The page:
Consider the Riemannian manifold $\mathbb{R}^n$ and a smooth Riemannian metric $G:\mathbb{R}^n\rightarrow\mathbb{R}^{n\times{n}}$. What is the minimum assumption on $G$ such that the manifold $\mathbb{R}^n$ is complete as a metric space with respect to the Riemannian distance determined by $G$. The Riemannian distance $d_G(x,y)$ between points $x,y\in\mathbb{R}^n$ is defined as follows: $d_G(x,y)=\inf_{\chi\in\Omega(x,y)}\int_0^1{\sqrt{\left(\frac{d\chi(s)}{ds}\right)^TG(\chi(s))\frac{d\chi(s)}{ds}}ds}$, where $\Omega(x,y)$ is the set of all the piecewise smooth paths connecting $x$ to $y$. It can be easily checked that if $G$ satisfies: $\omega_1\Vert{y}\Vert_2^2\leq y^TG(x)y\leq\omega_2\Vert{y}\Vert_2^2$ for any $x,y\in\mathbb{R}^n$ and for some positive constants $\omega_1$ and $\omega_2$, then $\mathbb{R}^n$ is a complete metric space with respect to $d_G$. Moreover, if we can find a change of coordinate such that the metric in the new coordinate satisfies the preceding assumption, again the result is true. I am just wondering if there exist weaker assumptions on $G$ to show the result or there exist counterexamples to show that these assumptions are necessary.

3$\begingroup$ These conditions are certainly not necessary. The bounds on $G$ imply that the volume of a geodesic ball grows like $r^n$ where $r$ is the radius. But there are plenty of complete Riemannian manifolds whose geodesic balls grow at either a slower or faster rate. In fact, these conditions are extremely strong and far stronger than needed for completeness. $\endgroup$– Deane YangSep 23, 2010 at 0:21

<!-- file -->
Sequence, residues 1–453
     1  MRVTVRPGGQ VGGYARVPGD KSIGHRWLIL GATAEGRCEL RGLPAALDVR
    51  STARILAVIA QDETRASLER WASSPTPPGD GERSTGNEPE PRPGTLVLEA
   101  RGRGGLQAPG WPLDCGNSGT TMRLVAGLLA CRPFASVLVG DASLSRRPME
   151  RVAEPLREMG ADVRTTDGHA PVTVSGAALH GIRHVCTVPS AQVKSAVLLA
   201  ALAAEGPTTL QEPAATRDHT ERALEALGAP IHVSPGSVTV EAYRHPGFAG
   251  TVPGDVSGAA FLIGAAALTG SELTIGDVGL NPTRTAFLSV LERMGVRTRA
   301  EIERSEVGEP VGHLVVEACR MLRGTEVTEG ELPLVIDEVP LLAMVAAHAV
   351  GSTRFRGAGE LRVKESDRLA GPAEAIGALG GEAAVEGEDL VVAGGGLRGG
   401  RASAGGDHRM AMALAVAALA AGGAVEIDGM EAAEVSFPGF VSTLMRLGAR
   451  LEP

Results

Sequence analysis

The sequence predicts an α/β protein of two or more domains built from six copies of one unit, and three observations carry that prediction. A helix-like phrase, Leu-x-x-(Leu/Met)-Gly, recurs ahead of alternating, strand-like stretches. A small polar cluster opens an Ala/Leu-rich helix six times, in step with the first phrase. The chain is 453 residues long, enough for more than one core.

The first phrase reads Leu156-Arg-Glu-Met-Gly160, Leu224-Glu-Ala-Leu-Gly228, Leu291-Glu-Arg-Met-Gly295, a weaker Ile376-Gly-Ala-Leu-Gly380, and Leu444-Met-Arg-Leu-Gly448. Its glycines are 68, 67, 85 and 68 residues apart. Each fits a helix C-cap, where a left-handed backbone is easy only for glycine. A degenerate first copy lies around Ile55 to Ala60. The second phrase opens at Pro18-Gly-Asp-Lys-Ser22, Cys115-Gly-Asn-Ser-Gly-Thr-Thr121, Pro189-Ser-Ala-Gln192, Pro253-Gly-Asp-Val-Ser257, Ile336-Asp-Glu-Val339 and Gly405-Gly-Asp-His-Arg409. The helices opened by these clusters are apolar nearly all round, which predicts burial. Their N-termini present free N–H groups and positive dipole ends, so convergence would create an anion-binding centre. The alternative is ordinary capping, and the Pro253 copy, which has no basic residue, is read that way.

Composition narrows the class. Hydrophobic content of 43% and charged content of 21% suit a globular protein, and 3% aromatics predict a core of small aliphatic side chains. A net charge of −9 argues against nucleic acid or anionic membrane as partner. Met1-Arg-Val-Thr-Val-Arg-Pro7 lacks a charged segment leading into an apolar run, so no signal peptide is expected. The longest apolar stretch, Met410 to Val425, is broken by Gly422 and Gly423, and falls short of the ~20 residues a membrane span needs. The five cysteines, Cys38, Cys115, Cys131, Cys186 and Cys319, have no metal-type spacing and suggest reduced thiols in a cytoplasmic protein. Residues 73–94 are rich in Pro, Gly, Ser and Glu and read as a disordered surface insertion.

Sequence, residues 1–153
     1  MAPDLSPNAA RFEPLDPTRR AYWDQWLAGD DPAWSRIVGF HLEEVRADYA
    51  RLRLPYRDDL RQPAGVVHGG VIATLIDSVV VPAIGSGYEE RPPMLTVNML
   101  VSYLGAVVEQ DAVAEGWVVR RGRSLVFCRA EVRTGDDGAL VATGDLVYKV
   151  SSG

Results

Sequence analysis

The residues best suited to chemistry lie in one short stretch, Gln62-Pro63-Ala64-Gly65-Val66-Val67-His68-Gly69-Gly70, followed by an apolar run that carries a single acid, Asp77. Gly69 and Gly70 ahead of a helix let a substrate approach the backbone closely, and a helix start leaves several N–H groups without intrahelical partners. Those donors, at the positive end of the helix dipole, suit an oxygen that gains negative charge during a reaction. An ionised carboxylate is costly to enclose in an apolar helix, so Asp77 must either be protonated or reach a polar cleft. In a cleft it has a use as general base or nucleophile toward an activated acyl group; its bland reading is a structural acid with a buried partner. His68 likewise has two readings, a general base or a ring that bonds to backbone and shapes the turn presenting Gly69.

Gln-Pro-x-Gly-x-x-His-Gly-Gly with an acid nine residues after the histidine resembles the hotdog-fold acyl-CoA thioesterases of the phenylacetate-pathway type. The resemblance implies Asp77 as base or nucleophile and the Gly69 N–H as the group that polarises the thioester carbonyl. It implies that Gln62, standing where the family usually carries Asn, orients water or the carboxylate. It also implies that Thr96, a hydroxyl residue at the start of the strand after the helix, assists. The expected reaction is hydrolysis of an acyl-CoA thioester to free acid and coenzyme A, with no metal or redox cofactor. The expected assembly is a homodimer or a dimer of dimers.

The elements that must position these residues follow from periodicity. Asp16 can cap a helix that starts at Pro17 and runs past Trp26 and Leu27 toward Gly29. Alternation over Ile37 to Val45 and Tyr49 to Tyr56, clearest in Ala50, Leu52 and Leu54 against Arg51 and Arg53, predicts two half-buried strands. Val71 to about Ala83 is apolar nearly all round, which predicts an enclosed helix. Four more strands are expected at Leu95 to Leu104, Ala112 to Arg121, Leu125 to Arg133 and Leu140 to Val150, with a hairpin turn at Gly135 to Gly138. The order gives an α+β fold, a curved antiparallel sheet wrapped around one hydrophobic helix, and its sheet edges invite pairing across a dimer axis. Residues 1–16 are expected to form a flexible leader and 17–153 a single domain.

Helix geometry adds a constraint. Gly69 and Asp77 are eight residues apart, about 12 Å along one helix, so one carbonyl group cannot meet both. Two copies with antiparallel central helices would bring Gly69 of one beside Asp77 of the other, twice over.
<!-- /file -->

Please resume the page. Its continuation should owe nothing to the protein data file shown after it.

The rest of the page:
1$\begingroup$ Assuming that $G \ge c g$, where $c$ is a positive constant and $g$ is the standard flat metric, suffices. $\endgroup$– Deane YangSep 23, 2010 at 0:47

$\begingroup$ How can I show the result using this condition? Do I need to construct a Cauchy sequence on the original metric and show that it has a limit? $\endgroup$– MajidSep 23, 2010 at 1:27

$\begingroup$ Same proof as before should work. I don't see why $\omega_2$ is needed. $\endgroup$– Deane YangSep 23, 2010 at 1:34

$\begingroup$ By having that lower bound, I can show that any Cauchy sequence in $\mathbb{R}^n$ with respect to $d_G$ is a Cauchy sequence with respect to $d_g$, where $g$ is Euclidean metric or the flat metric. As we know, $\mathbb{R}^n$ with respect to $d_g$ is a complete metric space. Hence, the sequence converge to a point in $\mathbb{R}^n$ with respect to $d_g$. Now, how can I show that the sequence converges to the same point with respect to $d_G$? $\endgroup$– MajidSep 23, 2010 at 2:17
2 Answers
You are assuming that the identity map between the Riemannian metric and the Euclidean metric is biLipschitz, but this is certainly far too strong. Here are two counterexamples:
Take some selfdiffeomorphism $f$ of $\mathbb{R^n}$ with derivative unbounded below and above and pull back the Euclidean metric.
Take hyperbolic $n$space, which is complete and diffeomorphic to $\mathbb{R}^n$ but not biLipschitz to it.

$\begingroup$ Is this condition also necessary? At the moment I don't see why that sould be the case, but I cannot construct a counterexample. An intuitive approach would be: Let $p_n=(n,0,0,...)$. Choose the metric such that $G$ equals the usual Euclidian metric everywhere except $\bigcup K_n$ where $K_n$ is the ball with radius $1/n$ around $p_n$. Now choose $G$ such that $G\leq 1/n g$ somewhere in $K_n$. Then certainly $G$ does not fulfill the condition stated, but probably $R^n$ will be complete wrt this metric as well. $\endgroup$– user34711Jun 6, 2013 at 11:01
A standard necessary and sufficient condition is that every bounded set for your metric is bounded in $\mathbb{R}^n$ with the standard Euclidean norm.

$\begingroup$ I'm sure this is well known to people experienced with manifolds, but do you know of a text book mention that this fact? $\endgroup$– ttbJun 30, 2017 at 22:08